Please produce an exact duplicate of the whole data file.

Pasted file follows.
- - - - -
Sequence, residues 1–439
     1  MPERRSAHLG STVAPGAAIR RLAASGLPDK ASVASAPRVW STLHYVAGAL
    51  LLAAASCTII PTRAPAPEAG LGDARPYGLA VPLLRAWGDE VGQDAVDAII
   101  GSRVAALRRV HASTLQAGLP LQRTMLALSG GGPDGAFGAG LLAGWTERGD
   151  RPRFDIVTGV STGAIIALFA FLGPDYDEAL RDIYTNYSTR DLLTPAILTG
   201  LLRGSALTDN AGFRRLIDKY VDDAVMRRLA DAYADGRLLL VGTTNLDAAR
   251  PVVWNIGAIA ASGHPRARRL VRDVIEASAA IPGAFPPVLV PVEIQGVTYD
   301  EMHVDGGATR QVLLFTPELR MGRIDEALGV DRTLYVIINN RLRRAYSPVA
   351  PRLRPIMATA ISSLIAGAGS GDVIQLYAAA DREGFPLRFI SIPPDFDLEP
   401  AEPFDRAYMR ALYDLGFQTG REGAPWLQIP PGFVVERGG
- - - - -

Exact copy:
Sequence, residues 1–439
     1  MPERRSAHLG STVAPGAAIR RLAASGLPDK ASVASAPRVW STLHYVAGAL
    51  LLAAASCTII PTRAPAPEAG LGDARPYGLA VPLLRAWGDE VGQDAVDAII
   101  GSRVAALRRV HASTLQAGLP LQRTMLALSG GGPDGAFGAG LLAGWTERGD
   151  RPRFDIVTGV STGAIIALFA FLGPDYDEAL RDIYTNYSTR DLLTPAILTG
   201  LLRGSALTDN AGFRRLIDKY VDDAVMRRLA DAYADGRLLL VGTTNLDAAR
   251  PVVWNIGAIA ASGHPRARRL VRDVIEASAA IPGAFPPVLV PVEIQGVTYD
   301  EMHVDGGATR QVLLFTPELR MGRIDEALGV DRTLYVIINN RLRRAYSPVA
   351  PRLRPIMATA ISSLIAGAGS GDVIQLYAAA DREGFPLRFI SIPPDFDLEP
   401  AEPFDRAYMR ALYDLGFQTG REGAPWLQIP PGFVVERGG